I was reminded of my first trip to Vienna back in 1983…one of my favorite memories being sitting in public park in our grubby backpacking clothes watching people dance the waltz and being asked to dance by an elderly gentleman. He was so kind and brave to take me on. I can’t remember now if it really happened, I just know that I hold it dear!

Later that same week we hopped back on a plane and flew to England rushing back for my graduation ceremony. Yup, it happened. I no longer can claim I am in ‘school’ again but it certainly will not stop me from being a learner.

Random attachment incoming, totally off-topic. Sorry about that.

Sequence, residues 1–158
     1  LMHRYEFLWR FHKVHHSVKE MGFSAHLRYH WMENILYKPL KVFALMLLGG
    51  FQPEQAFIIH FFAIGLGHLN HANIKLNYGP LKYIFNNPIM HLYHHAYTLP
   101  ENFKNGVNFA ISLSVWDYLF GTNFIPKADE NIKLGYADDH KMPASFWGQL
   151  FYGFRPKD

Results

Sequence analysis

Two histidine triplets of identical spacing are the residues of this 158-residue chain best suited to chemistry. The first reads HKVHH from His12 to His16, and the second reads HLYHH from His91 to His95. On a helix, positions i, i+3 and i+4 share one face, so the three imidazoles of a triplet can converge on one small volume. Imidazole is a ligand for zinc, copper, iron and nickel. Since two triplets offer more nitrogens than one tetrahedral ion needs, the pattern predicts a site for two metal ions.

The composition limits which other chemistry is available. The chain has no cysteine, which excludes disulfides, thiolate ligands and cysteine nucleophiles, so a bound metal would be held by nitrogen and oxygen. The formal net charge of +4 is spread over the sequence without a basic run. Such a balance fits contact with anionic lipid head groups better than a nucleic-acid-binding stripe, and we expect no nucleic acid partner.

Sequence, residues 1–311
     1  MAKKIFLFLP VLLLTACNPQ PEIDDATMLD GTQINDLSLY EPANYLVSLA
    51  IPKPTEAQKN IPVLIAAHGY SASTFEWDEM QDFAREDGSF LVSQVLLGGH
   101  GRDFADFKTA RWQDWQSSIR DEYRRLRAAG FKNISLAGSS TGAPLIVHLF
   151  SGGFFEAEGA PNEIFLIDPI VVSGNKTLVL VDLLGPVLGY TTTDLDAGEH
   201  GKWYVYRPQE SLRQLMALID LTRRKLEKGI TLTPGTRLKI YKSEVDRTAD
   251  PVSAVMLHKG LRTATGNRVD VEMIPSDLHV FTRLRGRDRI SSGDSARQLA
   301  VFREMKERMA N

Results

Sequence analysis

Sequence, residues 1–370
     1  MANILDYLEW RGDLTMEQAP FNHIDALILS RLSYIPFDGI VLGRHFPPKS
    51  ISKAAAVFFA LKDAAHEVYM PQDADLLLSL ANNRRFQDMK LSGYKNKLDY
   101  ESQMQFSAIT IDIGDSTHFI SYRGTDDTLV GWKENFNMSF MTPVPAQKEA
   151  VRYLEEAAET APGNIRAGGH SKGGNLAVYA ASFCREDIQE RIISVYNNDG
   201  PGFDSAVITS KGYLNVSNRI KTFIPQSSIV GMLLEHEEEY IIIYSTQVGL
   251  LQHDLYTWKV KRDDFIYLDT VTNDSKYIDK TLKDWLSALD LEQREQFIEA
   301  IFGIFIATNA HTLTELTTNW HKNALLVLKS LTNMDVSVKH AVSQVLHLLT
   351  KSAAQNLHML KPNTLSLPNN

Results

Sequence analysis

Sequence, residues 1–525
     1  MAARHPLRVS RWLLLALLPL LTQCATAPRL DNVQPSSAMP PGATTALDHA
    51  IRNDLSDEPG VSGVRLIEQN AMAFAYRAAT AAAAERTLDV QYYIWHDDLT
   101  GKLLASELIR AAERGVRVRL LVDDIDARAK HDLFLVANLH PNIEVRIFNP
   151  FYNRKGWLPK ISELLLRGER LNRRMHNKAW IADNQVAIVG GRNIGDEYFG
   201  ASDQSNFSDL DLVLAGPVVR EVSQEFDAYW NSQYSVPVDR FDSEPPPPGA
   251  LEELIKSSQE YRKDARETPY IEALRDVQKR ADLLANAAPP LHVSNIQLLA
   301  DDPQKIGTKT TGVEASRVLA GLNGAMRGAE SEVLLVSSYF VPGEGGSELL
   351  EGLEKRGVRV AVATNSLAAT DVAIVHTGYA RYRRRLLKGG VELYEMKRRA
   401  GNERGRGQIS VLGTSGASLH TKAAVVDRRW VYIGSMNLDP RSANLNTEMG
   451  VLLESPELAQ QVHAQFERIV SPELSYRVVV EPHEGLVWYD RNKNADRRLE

So now what? To be honest I am quite busy writing proposals for future work, conducting research to support the proposals and writing journal articles from my thesis. I am equally stress free and happy. I am humbled daily about how lucky I am to be living the life I do. I have three huge projects I am working on, all with potential, but none of them a surety of future income. But I do know that it is the work I love and know it will bring gifts: friends I have yet to meet, experiences that expand my understanding about my own skills and limitations, cultures that offer culinary surprises and different ways of being, and more opportunities to work with folks to  who. In the next six months my travel plans include: Colombia to work on a research grant for a positive peace project (October), Washington, DC to attend an evaluation conference and some business meetings (November) – and hopefully Thanksgiving with my niece Courtney (awesome year-2 law student at Dickinson Law School); December (TBD) but probably in the US or Germany; back in the UK for January and then Oman for Feb-March on an entrepreneurial venture to create ethical tourism projects with two friends.